Photo: Big streets, big trees.

Things to see and do

In town, one of Cao Lanh’s main claims to fame is as the resting place of Nguyen Sinh Sac, the father of Ho Chi Minh.

According to Duiker’s Ho Chi Minh, he died in the region near penniless and distant from his son in 1929, but you wouldn’t think that wandering the expansive memorial garden and tomb located in the southwest reaches of town.

Keeping a watchful eye over Nguyen Sinh Sac. Photo taken in or around Cao Lanh, Vietnam by Stuart McDonald.

Keeping a watchful eye over Nguyen Sinh Sac. Photo: Stuart McDonald

To our mind the tomb looked like a clam shell, but it is apparently a stylised lotus petal lined with nine (equally stylised) dragon heads. In Vietnamese the Mekong is called Cuu Long, which means Nine Dragons—named after the river’s (official) nine mouths, and the nine dragon heads atop the clam shell, sorry, lotus leaf, pay homage to this, suggesting that the people of the nine river delta are looking over Nguyen Sinh Sac.

Also within the sprawling gardens is a life-size replica of Ho Chi Minh’s stilt house in Hanoi. While you are not allowed inside, it makes for a pretty photo and if you’re not going to Hanoi, well you can tick it off here. Just across the way from the stilt house is a small 1960s style building which houses a motley collection of unlabelled (in English) photos. Overall we found the park of a surprising scale considering his humble end, but if you’re already in the area, (say to visit the Dong Thap Museum) then this is worth the extra ten minutes to walk to. There is also a large, garish Chinese pagoda next door.

Save yourself a trip to Hanoi. Photo taken in or around Cao Lanh, Vietnam by Stuart McDonald.

Save yourself a trip to Hanoi. Photo: Stuart McDonald

Nearby, the Dong Thap Museum is a surprisingly comprehensive and well laid out museum, well worth an hour of your time should you find yourself in Cao Lanh. The collections is, by Vietnamese museum standards, fairly predictable, with a collection of war booty (from both sides—it includes both a US helicopter and a Mig–17) in the surrounding grounds, the ground floor dedicated to natural history and the upper floor tracing the region’s more modern history.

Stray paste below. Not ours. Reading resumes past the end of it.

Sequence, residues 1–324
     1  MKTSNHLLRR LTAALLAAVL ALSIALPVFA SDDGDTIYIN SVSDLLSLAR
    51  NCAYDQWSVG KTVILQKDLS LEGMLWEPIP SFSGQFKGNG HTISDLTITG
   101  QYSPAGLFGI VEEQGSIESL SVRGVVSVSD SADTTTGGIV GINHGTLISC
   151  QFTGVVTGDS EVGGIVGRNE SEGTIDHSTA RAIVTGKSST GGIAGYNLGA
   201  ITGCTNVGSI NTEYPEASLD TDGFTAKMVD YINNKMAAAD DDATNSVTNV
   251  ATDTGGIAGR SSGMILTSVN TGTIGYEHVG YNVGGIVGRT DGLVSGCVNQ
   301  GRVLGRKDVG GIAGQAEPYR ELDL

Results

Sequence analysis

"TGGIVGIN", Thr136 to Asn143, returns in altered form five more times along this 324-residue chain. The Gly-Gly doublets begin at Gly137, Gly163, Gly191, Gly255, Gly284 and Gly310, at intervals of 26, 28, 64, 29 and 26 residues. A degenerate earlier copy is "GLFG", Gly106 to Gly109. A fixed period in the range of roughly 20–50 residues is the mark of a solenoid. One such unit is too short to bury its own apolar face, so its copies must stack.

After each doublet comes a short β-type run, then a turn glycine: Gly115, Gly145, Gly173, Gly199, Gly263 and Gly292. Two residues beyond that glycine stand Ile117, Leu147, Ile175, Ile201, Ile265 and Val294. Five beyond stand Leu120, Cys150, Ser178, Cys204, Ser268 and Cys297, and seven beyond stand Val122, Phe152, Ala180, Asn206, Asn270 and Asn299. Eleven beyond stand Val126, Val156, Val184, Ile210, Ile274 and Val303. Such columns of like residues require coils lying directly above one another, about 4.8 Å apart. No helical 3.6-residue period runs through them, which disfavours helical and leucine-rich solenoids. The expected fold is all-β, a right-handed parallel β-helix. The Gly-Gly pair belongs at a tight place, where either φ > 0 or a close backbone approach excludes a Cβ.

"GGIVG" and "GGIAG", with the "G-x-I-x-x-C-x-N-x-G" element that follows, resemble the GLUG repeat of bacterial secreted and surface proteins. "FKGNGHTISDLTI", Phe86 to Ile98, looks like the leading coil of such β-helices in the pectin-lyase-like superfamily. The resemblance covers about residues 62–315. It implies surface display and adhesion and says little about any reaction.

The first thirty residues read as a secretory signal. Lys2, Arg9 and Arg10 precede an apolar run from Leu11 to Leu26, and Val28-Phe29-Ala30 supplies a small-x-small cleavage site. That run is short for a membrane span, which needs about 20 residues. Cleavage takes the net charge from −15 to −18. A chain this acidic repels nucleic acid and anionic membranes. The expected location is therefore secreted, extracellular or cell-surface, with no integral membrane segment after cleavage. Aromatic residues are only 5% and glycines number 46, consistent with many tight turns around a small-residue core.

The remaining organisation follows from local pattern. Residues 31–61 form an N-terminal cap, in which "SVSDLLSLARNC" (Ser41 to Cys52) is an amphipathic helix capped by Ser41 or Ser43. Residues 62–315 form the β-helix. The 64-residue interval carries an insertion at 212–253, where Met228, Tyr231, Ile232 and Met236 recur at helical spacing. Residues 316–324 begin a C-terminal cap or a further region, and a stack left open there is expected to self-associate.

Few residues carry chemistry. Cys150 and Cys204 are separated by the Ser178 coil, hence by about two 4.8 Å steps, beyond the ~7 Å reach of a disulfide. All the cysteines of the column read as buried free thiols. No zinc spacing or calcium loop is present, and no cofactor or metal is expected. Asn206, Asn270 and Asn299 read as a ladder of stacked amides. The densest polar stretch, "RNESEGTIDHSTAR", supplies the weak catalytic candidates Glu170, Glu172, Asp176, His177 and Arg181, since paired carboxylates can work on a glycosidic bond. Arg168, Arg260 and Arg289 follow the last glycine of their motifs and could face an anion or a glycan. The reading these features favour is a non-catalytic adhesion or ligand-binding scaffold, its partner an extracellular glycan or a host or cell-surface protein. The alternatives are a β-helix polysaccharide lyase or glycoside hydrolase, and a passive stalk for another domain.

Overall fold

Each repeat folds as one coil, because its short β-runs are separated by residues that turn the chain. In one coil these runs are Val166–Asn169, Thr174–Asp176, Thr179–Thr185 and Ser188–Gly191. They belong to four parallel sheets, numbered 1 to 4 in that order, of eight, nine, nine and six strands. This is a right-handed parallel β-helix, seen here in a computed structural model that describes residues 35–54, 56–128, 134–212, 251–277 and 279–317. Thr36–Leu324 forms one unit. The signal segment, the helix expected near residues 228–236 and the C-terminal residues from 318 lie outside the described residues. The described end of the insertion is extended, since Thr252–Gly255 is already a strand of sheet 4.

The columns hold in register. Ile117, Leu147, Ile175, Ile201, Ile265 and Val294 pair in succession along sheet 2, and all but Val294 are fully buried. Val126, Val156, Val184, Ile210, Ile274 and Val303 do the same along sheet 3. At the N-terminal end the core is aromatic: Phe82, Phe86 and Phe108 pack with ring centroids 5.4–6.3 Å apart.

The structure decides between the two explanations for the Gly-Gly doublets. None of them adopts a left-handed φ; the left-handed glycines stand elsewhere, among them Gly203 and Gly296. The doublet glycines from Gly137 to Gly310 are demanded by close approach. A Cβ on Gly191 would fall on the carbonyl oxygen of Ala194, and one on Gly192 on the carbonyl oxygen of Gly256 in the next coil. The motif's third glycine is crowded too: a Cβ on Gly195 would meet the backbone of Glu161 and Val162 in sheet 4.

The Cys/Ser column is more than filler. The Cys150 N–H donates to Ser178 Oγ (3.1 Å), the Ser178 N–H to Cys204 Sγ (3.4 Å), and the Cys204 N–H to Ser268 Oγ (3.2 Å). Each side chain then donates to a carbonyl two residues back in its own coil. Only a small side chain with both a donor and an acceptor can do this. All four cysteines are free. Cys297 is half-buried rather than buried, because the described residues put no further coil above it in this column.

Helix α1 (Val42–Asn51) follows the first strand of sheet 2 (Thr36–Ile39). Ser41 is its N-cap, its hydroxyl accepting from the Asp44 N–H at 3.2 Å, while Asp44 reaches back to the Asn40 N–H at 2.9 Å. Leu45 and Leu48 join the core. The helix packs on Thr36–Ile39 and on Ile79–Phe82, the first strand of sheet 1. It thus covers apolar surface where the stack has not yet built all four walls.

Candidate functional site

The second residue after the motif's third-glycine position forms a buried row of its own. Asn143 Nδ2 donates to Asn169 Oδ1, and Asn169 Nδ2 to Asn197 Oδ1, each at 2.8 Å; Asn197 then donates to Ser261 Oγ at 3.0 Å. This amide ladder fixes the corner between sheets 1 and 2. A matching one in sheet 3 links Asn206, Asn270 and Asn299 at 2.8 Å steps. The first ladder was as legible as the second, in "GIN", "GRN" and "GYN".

Some of the exhibits are tatty (or was that tacky), with the stuffed animals and fish a bit past their sell by date, but we enjoyed some of the other exhibits, including the musical instruments, fishing basketry and agricultural tools. The water mine was also pretty impressive.

They don’t make them like they used to. Photo taken in or around Cao Lanh, Vietnam by Stuart McDonald.

They don’t make them like they used to. Photo: Stuart McDonald

As with many museums, there is considerable floor space dedicated to the wars, with tactical maps illustrating thrusts and parries, but the English labelling in this area was unfortunately minimal. Note also upon entry the tall mural with a bunch of people standing atop crushed tools of war—the flag they’re waving (red and blue bands with a yellow star) is that of the National Liberation Front of South Vietnam (better known as the Viet Cong). Allow an hour for a visit, though you could skip through quicker if you wanted. On the opening hours, the museum is officially open seven days a week, but in practise, it was closed on the Sunday we arrived in Cao Lanh.

The city has a number of other public parks of which the “Temple of Literature” park and Khong Tu lake are the centrepiece. Decorated with the occasional cluster of zebras and giraffes, the park is undeniably pleasant to walk around, especially in the late morning or early evening (when some of the chairs are taken over by canoodling couples). In the morning, grab an iced coffee from one of the cafes near the Huong Sen Hotel on the south side of the park and plonk yourself down by the lake’s edge. The Temple of Literature faces onto the west bank of the lake—it was apparently originally a public library, though it was unclear what is planned for it now.

By the lakeside, Cao Lanh. Photo taken in or around Cao Lanh, Vietnam by Stuart McDonald.

By the lakeside, Cao Lanh. Photo: Stuart McDonald

To the east of town, just over the Dinh Trung river is a large monument—our map described it as the “Revolutionary Martyr Monument”—dedicated to those who died fighting and while it is not worth driving across the Delta for, sitting across a lotus filled pond, with a magnificent socialist statue out front, it makes for a pleasant diversion before dinner.